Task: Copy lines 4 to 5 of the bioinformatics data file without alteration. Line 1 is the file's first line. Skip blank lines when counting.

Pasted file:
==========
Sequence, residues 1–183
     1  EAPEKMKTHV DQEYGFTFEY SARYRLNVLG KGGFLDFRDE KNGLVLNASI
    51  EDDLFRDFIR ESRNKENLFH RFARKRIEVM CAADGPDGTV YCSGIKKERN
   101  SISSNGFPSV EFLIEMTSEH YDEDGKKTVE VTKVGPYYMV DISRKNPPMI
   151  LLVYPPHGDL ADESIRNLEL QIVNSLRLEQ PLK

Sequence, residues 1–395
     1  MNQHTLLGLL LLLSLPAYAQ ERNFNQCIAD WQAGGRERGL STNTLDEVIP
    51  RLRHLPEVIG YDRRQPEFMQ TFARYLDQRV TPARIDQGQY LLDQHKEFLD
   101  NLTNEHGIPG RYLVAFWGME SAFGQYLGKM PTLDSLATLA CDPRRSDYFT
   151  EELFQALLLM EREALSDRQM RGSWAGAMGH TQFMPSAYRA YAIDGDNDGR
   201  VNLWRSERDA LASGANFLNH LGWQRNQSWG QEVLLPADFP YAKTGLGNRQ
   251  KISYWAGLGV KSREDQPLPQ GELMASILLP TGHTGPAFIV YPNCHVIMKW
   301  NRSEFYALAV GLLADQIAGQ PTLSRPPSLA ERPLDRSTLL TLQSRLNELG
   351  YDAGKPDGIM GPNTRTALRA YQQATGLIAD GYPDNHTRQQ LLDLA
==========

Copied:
   101  SISSNGFPSV EFLIEMTSEH YDEDGKKTVE VTKVGPYYMV DISRKNPPMI
   151  LLVYPPHGDL ADESIRNLEL QIVNSLRLEQ PLK